Responsibility, Respectability, Recognition, and Polyamory: Lessons in Subject Formation in the Age of Sexual Identity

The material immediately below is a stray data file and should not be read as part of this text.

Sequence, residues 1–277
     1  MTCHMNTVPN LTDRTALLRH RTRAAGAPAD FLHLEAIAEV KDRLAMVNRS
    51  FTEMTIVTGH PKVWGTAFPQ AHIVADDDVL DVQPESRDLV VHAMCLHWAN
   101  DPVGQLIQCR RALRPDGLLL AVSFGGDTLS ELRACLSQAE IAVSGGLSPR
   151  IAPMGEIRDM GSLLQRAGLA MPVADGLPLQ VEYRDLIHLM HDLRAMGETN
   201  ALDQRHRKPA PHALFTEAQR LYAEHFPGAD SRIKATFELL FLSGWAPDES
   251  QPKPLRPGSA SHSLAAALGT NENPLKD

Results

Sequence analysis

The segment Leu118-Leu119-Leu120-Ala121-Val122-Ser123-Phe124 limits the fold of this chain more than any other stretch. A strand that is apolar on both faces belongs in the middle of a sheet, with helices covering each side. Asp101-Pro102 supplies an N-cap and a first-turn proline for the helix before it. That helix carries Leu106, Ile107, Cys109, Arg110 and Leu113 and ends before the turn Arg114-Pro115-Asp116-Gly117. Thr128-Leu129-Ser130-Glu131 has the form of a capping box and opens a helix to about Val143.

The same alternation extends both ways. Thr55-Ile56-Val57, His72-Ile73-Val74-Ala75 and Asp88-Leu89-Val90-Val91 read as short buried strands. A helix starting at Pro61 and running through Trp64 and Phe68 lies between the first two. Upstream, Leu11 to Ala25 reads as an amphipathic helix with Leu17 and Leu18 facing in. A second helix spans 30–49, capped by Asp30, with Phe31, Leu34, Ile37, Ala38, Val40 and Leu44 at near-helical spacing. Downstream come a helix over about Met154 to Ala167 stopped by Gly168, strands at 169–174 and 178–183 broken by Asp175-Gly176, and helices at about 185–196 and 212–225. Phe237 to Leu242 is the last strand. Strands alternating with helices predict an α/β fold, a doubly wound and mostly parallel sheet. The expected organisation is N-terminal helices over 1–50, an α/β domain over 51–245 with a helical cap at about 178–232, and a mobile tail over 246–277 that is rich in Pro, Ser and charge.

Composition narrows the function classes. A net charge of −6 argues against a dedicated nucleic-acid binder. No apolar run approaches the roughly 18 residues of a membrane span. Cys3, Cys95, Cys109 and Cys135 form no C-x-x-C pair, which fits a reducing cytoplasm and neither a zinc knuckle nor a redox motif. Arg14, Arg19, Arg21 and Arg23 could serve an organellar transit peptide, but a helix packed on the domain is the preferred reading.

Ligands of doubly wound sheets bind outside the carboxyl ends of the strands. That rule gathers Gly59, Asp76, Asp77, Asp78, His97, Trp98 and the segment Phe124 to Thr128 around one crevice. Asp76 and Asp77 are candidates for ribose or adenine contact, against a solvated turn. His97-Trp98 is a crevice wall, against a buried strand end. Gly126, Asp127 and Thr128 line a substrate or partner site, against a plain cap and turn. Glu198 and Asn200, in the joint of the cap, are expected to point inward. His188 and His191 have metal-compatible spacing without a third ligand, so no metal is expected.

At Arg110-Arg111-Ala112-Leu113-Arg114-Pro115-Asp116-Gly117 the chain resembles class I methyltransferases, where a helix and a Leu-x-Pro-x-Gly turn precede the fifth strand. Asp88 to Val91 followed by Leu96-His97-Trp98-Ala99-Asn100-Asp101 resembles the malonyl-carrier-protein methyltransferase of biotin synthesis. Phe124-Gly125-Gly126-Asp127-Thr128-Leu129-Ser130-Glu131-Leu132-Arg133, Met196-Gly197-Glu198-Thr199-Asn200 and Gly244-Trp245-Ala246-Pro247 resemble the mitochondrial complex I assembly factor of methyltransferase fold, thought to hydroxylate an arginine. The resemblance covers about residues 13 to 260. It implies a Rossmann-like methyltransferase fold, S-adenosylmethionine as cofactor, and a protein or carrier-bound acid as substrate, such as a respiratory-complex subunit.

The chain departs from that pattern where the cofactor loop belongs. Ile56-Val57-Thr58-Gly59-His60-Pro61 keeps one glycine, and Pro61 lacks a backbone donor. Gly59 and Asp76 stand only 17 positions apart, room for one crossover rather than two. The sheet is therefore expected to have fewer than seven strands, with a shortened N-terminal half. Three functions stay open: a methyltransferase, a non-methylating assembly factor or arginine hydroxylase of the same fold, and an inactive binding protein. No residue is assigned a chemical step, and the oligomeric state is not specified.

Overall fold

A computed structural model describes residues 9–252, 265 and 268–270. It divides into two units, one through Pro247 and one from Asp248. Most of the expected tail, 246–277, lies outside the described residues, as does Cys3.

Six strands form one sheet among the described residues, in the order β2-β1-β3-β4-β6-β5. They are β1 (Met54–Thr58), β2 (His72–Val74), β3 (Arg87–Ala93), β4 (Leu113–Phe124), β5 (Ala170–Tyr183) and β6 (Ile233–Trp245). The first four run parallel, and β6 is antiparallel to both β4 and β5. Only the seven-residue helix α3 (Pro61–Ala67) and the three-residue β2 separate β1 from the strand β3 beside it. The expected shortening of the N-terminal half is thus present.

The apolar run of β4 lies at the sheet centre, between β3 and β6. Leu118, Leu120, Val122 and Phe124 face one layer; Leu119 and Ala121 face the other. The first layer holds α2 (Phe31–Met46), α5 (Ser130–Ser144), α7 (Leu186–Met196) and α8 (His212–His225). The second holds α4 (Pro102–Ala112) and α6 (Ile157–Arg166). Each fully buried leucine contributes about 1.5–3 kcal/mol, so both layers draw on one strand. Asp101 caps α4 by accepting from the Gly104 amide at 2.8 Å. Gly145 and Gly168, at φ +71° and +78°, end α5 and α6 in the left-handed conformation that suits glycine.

This article examines how the classical liberal “march of progress” has, particularly in recent decades, taken the form of a queue that shapes how marginal identities and practices can become recognizable as valid and worthwhile by following the form of what came before. Based on ethnographic fieldwork with people practicing polyamory, or consensual non-monogamy, who often referred to polyamory as their sexual orientation, I argue that the expansion of the category of sexuality illuminates contemporary mechanisms of subject formation in American late liberalism. However, an exclusive focus on recent decades and the rise of identity politics is insufficient for understanding the dramatic rise of both polyamory and the increasing capaciousness of the sexual orientation framework. I thus argue further that, more than simply demonstrating the proliferation of identities taking shape within an identity political framework, discourses around polyamory also highlight the powerful demands of civility and respectability made of subjects of sexual orientation, which requires a longer historical view of the interconnections of marriage, monogamy, and whiteness as constitutive of social, political, and legal recognition in the U.S.